... in fact he was a bit of a commie hippy and extolled the rich giving their wealth to the poor ...

 “And again I say unto you, It is easier for a camel* to go through the eye of a needle, than for a rich man to enter into the kingdom of God.” (Mtt 19:24) 

(*BTW this is an infamous mistranslation - the earliest original texts say rope instead of camel - which makes a lot more sense, but goes to show that the bible is not infallible) 

“But whoever has this world’s goods, and sees his brother in need, and shuts up his heart from him, how does the love of God abide in him?” (J 3:17) 

... and he was a proponent of universal free healthcare...

 “Then Jesus went about all the cities and villages, teaching in their synagogues, preaching the gospel of the kingdom, and healing every sickness and every disease among the people.” (Mtt 9: 35)

He didn't call for violence, in fact called for non-violence+ and diplomacy...

“Blessed are the peacemakers: for they shall be called the children of God.” (Mtt 5: 9) 

(+There are some that argue that the passage in Luke (22:36) where he calls for his disciples to sell their cloaks and buy swords is a call for everyone to buy weapons (as is our God-given second amendment right), but 2 verses later he clearly says that two swords are enough and when his disciples attack a priest's slave (verse 50) he rapidly chastises them and promptly heals the slave (verse 51), which is clearly not the actions of a pro-weapon, pro-aggression person).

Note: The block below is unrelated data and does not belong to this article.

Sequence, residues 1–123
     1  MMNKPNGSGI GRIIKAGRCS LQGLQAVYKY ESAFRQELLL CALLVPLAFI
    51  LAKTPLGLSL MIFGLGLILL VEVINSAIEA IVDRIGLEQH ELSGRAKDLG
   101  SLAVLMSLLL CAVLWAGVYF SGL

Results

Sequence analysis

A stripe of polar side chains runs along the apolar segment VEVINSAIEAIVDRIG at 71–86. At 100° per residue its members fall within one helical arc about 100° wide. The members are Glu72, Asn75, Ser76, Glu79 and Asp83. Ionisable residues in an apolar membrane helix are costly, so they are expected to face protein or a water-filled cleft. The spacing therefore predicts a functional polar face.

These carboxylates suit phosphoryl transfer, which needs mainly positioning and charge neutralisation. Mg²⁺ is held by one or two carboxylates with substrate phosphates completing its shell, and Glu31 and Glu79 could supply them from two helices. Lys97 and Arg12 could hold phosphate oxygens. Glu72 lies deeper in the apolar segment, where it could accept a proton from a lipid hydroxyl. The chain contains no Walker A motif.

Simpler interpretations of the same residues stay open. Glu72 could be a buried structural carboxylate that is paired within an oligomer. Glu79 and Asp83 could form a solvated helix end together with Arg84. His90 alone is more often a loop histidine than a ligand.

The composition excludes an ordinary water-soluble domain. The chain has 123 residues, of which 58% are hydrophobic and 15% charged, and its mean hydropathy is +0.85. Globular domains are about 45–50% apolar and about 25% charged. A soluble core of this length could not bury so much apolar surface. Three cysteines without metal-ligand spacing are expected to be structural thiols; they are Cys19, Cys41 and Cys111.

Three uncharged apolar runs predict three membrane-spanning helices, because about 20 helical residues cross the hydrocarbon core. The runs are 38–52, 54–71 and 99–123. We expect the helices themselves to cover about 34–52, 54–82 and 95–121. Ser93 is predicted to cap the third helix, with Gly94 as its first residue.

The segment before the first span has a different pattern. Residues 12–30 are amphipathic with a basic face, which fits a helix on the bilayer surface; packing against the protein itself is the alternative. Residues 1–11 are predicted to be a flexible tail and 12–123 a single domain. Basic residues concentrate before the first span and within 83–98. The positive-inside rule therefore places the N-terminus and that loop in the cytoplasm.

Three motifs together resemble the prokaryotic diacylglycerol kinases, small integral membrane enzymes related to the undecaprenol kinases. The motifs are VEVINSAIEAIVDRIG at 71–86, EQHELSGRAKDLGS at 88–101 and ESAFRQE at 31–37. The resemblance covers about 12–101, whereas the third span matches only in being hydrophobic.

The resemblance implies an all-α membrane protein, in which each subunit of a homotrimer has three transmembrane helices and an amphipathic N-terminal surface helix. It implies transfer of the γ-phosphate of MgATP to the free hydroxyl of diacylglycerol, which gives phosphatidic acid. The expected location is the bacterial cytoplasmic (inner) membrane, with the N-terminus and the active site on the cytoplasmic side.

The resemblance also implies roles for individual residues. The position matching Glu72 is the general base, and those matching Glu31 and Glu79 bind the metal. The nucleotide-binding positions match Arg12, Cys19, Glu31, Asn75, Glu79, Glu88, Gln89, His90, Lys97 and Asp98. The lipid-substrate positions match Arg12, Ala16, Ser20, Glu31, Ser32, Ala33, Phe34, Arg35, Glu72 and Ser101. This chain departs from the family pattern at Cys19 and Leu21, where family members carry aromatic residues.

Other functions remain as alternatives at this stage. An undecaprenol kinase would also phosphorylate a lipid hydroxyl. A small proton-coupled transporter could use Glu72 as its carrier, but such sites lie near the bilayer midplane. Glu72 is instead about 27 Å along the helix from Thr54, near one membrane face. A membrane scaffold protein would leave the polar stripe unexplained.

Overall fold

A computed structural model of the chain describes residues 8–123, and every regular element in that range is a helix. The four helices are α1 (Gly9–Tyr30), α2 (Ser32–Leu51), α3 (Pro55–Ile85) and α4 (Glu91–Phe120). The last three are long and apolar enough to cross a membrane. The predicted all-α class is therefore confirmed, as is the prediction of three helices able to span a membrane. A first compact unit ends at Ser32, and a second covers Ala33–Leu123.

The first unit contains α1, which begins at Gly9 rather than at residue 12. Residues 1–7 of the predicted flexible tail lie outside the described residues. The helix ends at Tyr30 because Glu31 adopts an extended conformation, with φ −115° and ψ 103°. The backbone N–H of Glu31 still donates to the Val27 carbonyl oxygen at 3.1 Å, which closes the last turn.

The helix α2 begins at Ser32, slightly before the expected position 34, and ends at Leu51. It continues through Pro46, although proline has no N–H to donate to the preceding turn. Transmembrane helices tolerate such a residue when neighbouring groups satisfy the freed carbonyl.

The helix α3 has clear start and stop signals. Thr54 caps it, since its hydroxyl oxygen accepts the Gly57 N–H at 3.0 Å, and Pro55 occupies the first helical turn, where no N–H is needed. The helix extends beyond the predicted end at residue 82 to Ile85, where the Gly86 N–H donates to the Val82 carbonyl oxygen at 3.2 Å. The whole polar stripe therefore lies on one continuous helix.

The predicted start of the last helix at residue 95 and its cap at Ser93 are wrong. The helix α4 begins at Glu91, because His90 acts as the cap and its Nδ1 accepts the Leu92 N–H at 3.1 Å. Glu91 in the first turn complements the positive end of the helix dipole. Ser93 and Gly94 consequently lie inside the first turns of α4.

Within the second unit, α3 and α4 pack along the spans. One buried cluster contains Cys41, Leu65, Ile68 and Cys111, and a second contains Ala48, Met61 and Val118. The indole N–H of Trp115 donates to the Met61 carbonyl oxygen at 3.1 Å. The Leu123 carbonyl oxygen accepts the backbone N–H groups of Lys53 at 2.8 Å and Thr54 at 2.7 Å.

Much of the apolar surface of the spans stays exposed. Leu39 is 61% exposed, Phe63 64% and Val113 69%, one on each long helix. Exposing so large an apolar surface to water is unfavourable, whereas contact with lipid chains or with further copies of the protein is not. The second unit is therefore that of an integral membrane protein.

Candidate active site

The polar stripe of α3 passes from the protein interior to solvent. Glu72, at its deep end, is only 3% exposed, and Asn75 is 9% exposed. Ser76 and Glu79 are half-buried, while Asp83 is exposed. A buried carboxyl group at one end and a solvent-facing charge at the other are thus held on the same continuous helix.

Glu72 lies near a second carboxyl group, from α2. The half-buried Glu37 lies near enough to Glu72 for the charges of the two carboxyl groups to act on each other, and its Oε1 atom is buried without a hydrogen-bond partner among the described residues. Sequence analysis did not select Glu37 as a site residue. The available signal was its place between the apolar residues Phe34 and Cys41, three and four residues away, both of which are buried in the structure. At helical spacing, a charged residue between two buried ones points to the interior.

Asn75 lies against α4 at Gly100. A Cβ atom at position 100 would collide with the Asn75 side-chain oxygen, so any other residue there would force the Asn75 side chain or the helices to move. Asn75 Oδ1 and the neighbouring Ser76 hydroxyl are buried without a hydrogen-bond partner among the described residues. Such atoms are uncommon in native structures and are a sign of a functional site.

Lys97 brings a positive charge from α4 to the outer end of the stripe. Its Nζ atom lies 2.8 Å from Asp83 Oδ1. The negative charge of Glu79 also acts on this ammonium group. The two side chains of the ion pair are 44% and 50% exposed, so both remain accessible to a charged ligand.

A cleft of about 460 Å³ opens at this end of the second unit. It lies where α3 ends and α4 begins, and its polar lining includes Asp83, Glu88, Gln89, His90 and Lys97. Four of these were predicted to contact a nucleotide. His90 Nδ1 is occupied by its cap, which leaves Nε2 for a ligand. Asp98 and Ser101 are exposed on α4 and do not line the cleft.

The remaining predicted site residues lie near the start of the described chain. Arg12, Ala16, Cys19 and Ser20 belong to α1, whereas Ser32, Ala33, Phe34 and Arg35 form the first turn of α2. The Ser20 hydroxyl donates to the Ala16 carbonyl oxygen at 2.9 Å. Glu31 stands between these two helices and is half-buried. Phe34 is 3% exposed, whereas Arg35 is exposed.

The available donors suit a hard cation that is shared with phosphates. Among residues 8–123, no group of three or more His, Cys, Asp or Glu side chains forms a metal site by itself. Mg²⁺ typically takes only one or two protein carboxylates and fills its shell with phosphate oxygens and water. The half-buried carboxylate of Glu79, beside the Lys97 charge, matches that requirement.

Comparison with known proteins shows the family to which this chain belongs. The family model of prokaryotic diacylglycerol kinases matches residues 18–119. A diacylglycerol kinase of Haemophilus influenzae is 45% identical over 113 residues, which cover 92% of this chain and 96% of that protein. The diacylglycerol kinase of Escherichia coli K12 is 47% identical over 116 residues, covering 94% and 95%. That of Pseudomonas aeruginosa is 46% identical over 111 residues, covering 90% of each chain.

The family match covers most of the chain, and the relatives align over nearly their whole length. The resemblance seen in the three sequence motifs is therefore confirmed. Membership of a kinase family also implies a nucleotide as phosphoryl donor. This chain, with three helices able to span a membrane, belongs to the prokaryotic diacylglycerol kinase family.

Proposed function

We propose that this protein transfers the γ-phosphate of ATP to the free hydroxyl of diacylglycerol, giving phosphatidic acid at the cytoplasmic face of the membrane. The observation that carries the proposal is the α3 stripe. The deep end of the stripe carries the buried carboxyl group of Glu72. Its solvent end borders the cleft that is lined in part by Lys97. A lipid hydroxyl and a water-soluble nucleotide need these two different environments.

He certainly didn't say anything about homosexuality being bad, or protesting about gay marriage, or generally being a hateful bigot. In fact quite the opposite, he said that you should not be judgmental and you should be good to everyone equally.

“Judge not, that ye be not judged. For with what judgment ye judge, ye shall be judged: and with what measure ye mete, it shall be measured to you again." (Mtt 7: 1-2)

"Thou shalt love thy neighbour as thyself" (Mtt 28: 39) 

So if Jesus was around now what would he think of the world? Particularly those who claim themselves to be Christian and working in his name, yet argue against free healthcare, welfare, fair treatment and rights of prisoners, who bolster the rich and wealthy to become even more so, while others are close to, and declining into poverty. The level of economic equality in the US is currently greater than the differences between the rich and poor in Regency England - we live in a time of large numbers of poor and a small super wealthy elite to are increasing disenfranchising the less wealthy majority. So what would Jesus do? Seriously... think about it...

But anyway, for those of your that celebrate Easter have a good holiday and don't eat too much chocolate and always remember to always look on the bright side of life...

I'm British !

My favourite song of the moment ...

This pretty much tells you everything you need to know about the British ...

Opinionated versus science